Model of 1754 Pendrell, on display at City Hall
Further to our previous story, a revised rezoning application for a 21-storey tower at 1754-1772 Pendrell goes before the Urban Design Panel on April 8, 2015 at 3 pm (Town Hall Meeting Room).
The meeting is open to the public. We encourage concerned citizens and neighbours to attend and observe the presentation and discussion, in preparation for likely Public Hearing.
The original application resulted in community outrage in 2008, a 400+ person town hall meeting, and promises by politicians not to let tower development “turn the West End into another Yaletown.” Then the project went dormant after the UDP unanimously rejected it in 2010, though it benefits by being “grandfathered” as “active” during the West End Community Plan process. Now in 2015, under a new owner (Westbank) and new architect (Gregory Henriquez), the proposed project is even denser and bulkier. It looks like a great deal for the proponent. But what are the benefits for the West End community?
Caption: Model of the proposed development, on display at Vancouver City Hall.
Below is some food for thought regarding density, affordable housing, parking, community amenity contributions, building frontages, building form — based on materials available for public comment in March. How have City staff and the proponents incorporated public input into the proposal?
Official details of the proposal are available here, and as of April 8, the City’s website still says “You can still provide comments by filling out our online feedback form.”
Overall: In May of 2010 the Urban Design Panel reviewed a rezoning proposal at a lower density on this site. The conclusions of that review included:
“The Panel did not support the proposal noting that the density has a negative effect on the overall bulk, quality of amenities and open space and may be too large for the site. The Panel did not have a problem with the height but were concerned with the amount of density and bulk for such a small site which had changed considerably since the previous review. Most of the Panel members thought the original scheme was better. They felt the proposal broke form with other towers in the West End and thought there was little benefit to the community.“
With this revised application, the bulk of the tower has increased significantly. If the UDP previously rejected the proposal for having too much density and bulk for such a small site, how can it possibly support the revised proposal with more bulk and density? And, honestly speaking, what are the benefits of this tower proposal for the community? Stay tuned.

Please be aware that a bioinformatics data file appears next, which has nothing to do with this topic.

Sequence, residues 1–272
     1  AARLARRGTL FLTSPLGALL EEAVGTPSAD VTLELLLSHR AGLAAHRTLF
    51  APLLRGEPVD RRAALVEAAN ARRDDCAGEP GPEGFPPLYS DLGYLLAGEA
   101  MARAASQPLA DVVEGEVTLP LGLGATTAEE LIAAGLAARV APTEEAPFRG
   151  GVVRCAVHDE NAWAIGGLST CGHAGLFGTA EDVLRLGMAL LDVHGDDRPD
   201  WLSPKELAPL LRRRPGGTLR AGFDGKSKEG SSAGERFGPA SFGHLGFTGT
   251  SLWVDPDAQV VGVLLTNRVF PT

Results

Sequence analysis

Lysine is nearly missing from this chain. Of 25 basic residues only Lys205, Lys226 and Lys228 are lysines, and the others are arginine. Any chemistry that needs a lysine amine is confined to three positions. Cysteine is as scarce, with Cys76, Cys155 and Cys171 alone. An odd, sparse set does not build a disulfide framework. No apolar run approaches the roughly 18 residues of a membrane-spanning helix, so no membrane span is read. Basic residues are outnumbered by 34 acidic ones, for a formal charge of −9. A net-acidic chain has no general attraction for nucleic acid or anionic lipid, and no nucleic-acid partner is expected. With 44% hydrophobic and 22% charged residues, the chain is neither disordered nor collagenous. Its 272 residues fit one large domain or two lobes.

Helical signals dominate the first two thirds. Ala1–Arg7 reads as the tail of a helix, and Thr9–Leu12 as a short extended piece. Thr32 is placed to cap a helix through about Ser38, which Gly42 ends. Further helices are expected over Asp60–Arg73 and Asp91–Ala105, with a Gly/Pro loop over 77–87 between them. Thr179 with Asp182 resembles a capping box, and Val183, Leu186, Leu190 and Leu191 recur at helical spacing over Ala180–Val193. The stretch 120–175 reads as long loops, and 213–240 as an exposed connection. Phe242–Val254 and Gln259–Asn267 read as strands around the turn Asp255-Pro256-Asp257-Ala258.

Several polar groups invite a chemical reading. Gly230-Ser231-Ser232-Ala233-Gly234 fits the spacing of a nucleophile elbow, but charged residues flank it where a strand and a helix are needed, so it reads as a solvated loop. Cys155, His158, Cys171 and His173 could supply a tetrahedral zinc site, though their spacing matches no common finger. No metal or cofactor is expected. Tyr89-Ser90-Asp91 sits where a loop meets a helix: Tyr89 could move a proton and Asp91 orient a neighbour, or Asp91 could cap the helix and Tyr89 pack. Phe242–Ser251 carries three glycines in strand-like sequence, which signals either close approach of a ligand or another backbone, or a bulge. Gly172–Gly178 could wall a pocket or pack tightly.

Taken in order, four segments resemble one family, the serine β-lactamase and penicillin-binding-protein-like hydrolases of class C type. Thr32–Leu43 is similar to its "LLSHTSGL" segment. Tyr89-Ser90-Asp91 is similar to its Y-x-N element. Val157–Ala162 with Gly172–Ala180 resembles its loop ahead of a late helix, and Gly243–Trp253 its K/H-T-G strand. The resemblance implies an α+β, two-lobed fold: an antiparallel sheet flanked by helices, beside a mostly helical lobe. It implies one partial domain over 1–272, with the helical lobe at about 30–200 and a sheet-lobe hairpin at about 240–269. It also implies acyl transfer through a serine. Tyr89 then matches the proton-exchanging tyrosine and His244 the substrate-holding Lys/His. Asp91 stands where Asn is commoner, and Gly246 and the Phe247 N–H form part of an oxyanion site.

Density: The previous rezoning application proposed a density of 6.17 (floor space ratio, or FSR), while the current FSR proposed is 6.55. (The current zoning permits 2.55 FSR — the jump to 6.55 is what Westbank is now asking for.) The previous proposal included affordable housing to be deeded to the City of Vancouver, and the project is proceeding on the basis of being “grandfathered,” supposedly having been “active” during the West End Community Plan process (which ended with adoption of the Plan in November 2013). Citizens, the UDP, and City Council needs to why the City should consider any density above the previously proposed FSR of 6.17. It seems there is no compelling reason.
Affordable Housing: The previous proposal included the creation of 26 affordable-rate rental units to be owned by the City of Vancouver. The current proposal is entirely for market-rate rental units with no controls on rents. The elimination of these 26 units from the proposal could be considered a serious flaw in the revised proposal. Those 26 units would have been a much-needed and valuable asset. The creation of expensive luxury rental units does little to address housing affordability challenges in a neighbourhood where already over 80 per cent of housing is market rental.
Should the proposal be revised to have a minimum percentage of the rental units secured as truly affordable rental units — at rents tied to income levels in the West End? To do otherwise would be inconsistent with the nature of the previous rezoning application, noting that the current proposal is benefitting from being “grandfathered,” as mentioned above.